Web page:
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Have you ever wondered why some critics review films? They don't even seem to like movies that much from what they write. I LOVE movies, and think about them long after the last credits roll across the screen. My reviews are meant to inform, entertain and never have a spoiler.
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Tuesday, April 25, 2017

The Usual Suspects

I remember seeing The Usual Suspects when it was first released in 1995. It begins in a kind of film noir setting, the music befitting the line of fire reaching across a boat to an explosion. I didn’t remember all the details of the story before watching it again for the Challenge, just the aha moments.

This time around, I can’t say I liked it any better. The aha moments were still there, but it grew tiresome with the explosions, gunfire, death and crime.

Actors who appear in this film went on to bigger and better films, especially for Kevin Spacey and Benecio del Toro.

Basically, you get five men in a lineup, supposedly randomly thrown together in a jail cell, where they plot their next big job. An unlikely grouping, there is Roger “Verbal” Kint (Kevin Spacey), a man with cerebral palsy that others think is stupid, Fred Fenster (Benecio del Toro), Michael McManus (Stephen Baldwin; whatever happened to him?), Dean Keaton (Gabriel Byrne), and Todd Hockney (Kevin Pollack).

Verbal gets interrogated by a couple of police officers, Jeff Rabin (Dan Hedaya) and Dave Kujan (Chazz Palminteri) about an incident, and the story unfolds. Verbal narrates throughout the film, a device that doesn’t always work in a good film, but it does here.

Kevin Spacey won a Best Supporting Actor Academy Award for his performance. I think the reason this screenplay won at the Academy Awards for Best Original Screenplay is because it had so many twists and turns to the plot. Just when you think you know what’s going on, another piece of information arises from the police or a victim, or from Verbal himself. And there’s this man named Keyser Soze who comes up.

Who is Keyser Soze? You will wonder about this. Is he like the La Llorona legend in New Mexico? Kids are told scary bedtime stories about someone you don’t want to cross or you’ll have a stroke of misfortune. Someone who doesn’t really exist, just a phantom to give you nightmares.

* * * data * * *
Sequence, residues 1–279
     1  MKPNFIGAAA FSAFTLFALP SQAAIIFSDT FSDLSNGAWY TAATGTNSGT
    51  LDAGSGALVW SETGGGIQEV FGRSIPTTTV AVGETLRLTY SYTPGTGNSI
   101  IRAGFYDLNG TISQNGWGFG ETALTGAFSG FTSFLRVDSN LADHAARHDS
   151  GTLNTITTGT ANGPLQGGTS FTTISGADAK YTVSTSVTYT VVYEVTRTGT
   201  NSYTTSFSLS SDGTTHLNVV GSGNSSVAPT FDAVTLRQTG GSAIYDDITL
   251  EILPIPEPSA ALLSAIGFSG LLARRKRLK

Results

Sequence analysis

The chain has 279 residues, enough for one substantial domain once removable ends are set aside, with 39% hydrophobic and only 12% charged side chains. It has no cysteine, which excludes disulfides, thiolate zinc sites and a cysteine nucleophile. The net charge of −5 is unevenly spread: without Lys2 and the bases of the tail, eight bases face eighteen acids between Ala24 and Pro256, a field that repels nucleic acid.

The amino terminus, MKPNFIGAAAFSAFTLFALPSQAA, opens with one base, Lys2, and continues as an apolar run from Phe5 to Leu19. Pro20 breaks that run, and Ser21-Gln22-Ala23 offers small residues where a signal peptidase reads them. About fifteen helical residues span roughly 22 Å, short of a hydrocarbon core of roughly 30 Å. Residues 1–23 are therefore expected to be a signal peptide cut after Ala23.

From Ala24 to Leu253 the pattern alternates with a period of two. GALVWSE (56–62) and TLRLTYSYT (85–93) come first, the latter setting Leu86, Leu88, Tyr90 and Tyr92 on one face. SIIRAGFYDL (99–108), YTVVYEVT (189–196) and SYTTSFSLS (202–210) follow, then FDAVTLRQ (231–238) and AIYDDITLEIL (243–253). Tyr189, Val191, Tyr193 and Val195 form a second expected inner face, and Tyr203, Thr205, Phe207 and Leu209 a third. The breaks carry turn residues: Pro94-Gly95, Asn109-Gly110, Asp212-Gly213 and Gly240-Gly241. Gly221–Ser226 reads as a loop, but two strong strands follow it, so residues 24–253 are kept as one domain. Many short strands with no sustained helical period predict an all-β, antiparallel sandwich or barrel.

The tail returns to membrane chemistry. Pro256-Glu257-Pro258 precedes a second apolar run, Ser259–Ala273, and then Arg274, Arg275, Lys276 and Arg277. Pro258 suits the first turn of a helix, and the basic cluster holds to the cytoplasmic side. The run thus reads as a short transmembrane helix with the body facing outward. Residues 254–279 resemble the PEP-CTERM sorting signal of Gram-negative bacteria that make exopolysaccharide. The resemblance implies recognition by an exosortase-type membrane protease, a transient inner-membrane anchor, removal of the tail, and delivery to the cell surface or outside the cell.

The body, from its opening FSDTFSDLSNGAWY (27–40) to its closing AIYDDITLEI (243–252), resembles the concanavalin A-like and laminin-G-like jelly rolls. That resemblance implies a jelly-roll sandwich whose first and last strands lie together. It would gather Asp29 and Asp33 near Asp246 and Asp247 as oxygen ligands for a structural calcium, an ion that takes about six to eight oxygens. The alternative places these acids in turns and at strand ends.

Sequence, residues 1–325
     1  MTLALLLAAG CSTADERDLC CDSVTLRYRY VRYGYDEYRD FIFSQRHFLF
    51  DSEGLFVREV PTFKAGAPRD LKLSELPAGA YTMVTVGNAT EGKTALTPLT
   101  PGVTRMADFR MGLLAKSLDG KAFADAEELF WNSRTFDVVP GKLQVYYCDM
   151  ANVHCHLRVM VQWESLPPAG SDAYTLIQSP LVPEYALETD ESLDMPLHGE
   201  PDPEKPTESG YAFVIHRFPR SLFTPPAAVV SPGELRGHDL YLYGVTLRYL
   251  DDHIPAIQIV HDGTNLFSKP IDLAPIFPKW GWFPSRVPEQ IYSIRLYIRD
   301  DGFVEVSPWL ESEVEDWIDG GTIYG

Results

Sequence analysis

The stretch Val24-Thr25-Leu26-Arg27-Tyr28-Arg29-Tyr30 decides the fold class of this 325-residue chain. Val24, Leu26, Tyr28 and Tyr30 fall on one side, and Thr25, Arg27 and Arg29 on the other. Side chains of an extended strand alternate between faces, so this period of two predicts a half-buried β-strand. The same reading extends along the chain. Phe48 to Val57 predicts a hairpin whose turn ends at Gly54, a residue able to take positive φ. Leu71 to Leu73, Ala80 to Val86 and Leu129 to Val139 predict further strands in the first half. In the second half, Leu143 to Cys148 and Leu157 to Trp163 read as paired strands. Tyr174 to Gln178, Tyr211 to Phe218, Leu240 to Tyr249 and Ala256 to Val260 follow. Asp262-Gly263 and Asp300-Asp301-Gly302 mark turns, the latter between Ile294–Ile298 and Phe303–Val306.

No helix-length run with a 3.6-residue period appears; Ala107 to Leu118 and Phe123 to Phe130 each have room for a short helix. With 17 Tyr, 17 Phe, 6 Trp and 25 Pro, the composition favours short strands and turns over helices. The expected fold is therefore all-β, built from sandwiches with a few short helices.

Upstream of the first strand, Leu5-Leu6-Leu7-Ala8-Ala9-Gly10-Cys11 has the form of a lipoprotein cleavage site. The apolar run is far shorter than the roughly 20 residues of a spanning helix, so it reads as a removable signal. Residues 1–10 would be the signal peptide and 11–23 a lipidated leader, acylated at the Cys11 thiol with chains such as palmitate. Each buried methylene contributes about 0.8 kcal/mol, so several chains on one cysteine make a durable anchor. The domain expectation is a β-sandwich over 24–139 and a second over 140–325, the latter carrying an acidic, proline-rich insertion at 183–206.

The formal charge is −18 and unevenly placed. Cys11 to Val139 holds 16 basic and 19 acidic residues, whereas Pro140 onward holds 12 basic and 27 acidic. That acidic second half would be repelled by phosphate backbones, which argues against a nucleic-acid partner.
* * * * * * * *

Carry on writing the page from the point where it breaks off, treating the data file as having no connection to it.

Or if he really does exist, he is one bad dude and you still don’t want to cross paths with him.

This film received a lot of prestigious nominations for the screenwriter, Christopher McQuarrie, and included his winning an Academy Award for Best Original Screenplay. The Usual Suspects is rated R for violence and a substantial amount of strong language.

Out of the films I’ve reviewed so far, I don’t recommend it. I’ll give you a list at the end of my 26 posts of what I do and don’t recommend for your edification.

I’m just tired of violent films with the f-word thrown around like it’s part of our language. Tired of gun battles and casual murdering of people, as bad as they might be. We need more screenplays that tell good stories about more realistic situations we may encounter, not like these criminals that most of us aren’t.

Did you see The Usual Suspects, and what did you think of it?


  1. I always meant to see this one again. I saw it the once, and I wondered if on repeated viewing I'd get something more from it due to the big reveal. But it hasn't been a priority. I guess it still won't be.

    1. Yes, you can skip watching it again. There's much better movies for repeat viewing.

  2. I missed this when it came out and saw it the first time a few years back not knowing anything about the film. I watched it all the way through and didn't see the twist ending, it caught me off guard. But honestly I have to say that I really enjoyed this film and try to watch it whenever I see it on. What amazed me is at the end you realize that probably none of what he told was the truth. You never find out why he had them killed, just that he told a made up story to get him out of the police station. But I will agree that there is a great deal of violence in the film and that could throw people off.

    1. I did actually like it the first time I saw it for the same reasons you mentioned. Quite a reveal at the end. This time I was just tired of watching senseless violence, and I knew the ending, so it wasn't the same feeling watching it.

  3. Ooh, I love this film! Yes, it uses coarse language, but that's because these guys are all career criminals. That's what makes them "the usual suspects" -- they're always in the lineup. The fact that you can't see the twist coming is what makes this film so great, the first time, and the fact that you can find all the clues when you re-watch it makes it more fun. Kevin Spacey's unreliable narrator is perfect. I enjoy noir and crime fiction, so this is one of my favorites, despite the violence. After all, how can you not be drawn into a story about a man described as the devil himself?

    1. The twist is definitely memorable. The friend I saw it with the first time was kind of disappointed at the ending, like he'd been cheated out of something more real because of the storytelling nature of Verbal. But that was the point I said. To each his own.